Michael Yormark is the man at the centre of rugby’s showbiz revolution with the sort of power and influence which last week saw him introduce Maro Itoje to superstar rapper Jay-Z.
‘That was a moment Maro has been waiting quite some time for,’ Yormark, the American president of Roc Nation Sports, says with a smile. ‘He’s always wanted to meet the boss.’
Yormark is used to moving in such circles. He counts Premier Leagues stars Kevin de Bruyne, Romelu Lukaku, Marcus Rashford, Tyrone Mings and Reece James among his Roc Nation clients.
England lock Maro Itoje (left) with Jay-Z at the London premier of The Harder They Fall
England and British & Lions lock Itoje and South African World Cup winners Siya Kolisi and Cheslin Kolbe are all on a rapidly-expanding list of rugby names he works with too.
The influence of Yormark and Roc Nation – founded by Jay-Z in 2008 – is only going to grow. They are determined to take rugby to another level. Yormark is the one who wants to start the party.
‘Maro was invited to the premier of Jay’s film The Harder They Fall in London on Wednesday night and they had a picture together at the official after party,’ Yormark says. ‘Maro was so shy and quiet meeting Jay even though he is a star in his own right. That’s what is interesting to me.
Michael Yormark is the man at the centre of rugby’s showbiz revolution with big influence
‘It was timely for Maro and an important moment for him. He really connected with Jay and hopefully he’ll keep in touch with him. That would be terrific. What Maro is doing by posting that picture on social media is connecting with culture. It goes way beyond rugby and sport.
‘That post alone will expose Maro to more than just rugby fans. People will then look at him and ask ‘Who is he?’ They’ll realise he plays for Saracens and England. We need to start putting more rugby players in these sorts of positions. Ultimately, that will help grow the game.’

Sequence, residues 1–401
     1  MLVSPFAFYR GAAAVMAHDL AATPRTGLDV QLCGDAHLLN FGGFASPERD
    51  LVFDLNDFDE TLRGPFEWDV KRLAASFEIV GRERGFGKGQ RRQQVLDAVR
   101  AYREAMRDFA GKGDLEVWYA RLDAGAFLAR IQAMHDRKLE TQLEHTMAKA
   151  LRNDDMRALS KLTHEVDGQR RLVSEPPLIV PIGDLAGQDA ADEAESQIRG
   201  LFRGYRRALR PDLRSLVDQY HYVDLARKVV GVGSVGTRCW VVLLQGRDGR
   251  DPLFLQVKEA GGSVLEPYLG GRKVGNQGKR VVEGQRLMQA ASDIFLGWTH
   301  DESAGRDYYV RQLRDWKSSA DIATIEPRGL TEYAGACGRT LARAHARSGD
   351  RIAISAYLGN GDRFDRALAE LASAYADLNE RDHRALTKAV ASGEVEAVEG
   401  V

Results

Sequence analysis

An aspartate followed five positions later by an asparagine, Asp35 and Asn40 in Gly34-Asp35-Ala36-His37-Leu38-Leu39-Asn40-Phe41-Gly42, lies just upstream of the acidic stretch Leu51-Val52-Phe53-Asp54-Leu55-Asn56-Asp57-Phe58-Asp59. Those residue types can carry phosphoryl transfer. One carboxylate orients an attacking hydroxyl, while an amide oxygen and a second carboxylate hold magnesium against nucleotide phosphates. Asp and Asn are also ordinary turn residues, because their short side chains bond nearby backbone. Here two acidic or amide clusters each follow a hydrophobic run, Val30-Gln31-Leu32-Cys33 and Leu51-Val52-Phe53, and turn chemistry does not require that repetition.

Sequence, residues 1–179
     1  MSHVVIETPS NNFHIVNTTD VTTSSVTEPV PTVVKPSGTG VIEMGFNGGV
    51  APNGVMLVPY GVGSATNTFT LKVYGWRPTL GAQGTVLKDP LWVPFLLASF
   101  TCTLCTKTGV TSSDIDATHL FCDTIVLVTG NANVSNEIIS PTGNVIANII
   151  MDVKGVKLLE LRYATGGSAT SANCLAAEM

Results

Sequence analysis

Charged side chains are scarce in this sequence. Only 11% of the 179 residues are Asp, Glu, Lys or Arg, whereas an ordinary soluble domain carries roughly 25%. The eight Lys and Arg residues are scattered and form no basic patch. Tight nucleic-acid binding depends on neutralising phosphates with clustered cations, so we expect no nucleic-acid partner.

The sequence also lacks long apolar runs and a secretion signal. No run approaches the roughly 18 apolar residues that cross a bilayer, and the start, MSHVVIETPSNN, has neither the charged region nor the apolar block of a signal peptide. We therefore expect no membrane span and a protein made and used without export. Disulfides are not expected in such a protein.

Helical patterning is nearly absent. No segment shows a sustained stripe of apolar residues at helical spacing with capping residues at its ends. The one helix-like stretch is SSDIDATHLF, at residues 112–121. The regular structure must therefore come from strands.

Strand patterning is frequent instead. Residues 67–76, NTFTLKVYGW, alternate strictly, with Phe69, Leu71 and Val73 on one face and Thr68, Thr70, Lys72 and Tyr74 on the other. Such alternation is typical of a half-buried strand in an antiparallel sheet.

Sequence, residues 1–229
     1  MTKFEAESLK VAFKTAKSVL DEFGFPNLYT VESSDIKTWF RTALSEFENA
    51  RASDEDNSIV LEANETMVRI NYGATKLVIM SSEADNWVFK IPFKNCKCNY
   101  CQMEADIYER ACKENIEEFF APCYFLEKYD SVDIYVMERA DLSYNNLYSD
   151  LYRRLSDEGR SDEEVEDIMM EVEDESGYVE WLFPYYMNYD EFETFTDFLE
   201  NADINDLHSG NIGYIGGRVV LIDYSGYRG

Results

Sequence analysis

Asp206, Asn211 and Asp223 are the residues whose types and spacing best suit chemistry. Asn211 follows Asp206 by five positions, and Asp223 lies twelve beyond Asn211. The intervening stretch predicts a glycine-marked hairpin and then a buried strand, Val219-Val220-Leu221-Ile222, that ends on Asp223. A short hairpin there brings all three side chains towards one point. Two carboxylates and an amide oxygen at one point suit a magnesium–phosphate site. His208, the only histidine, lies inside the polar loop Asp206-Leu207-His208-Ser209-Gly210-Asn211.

Yormark certainly knows how to grow a sporting brand and last week, the former New York Yankees and Florida Panthers employee was confirmed as a special advisor to Saracens after a £32million takeover of the Gallagher Premiership club was completed.
He also works closely with South African side Cell C Sharks and the United Rugby Championship (URC) to grow the league’s commercial appeal.
Saracens is his latest venture with South Africa’s 1995 World Cup-winning captain Francois Pienaar, Dominic Silvester and Marco Masotti – the owner of the Sharks – at the centre of the new consortium.
Former Saracens owner Nigel Wray, the man at the heart of the club’s salary cap scandal, has now virtually stepped away as his old side begins a new era.
‘Saracens is an iconic club. They want to do things differently and think outside the box,’ Yormark adds. ‘I’ve been asked to be an advisor. Marco is a lead investor and also works with the Sharks like I do. It’s another opportunity for me to try and help change the game.
‘The salary cap situation was a learning lesson for Saracens, but it is a chapter that’s closed now.
‘They’re moving forward with new ownership and in a new direction. I can’t go into much more on that, but Dominic and his partners are committed to doing things the right way.
‘The investors are committed to taking the Saracens brand to a global level. They are big fans of sport in America and they want to use that as an example of where Saracens can go.
‘If you talk to Dominic and his partners, they want to be the best. The target is not just to be the model franchise in Europe, they want to be the best in the world.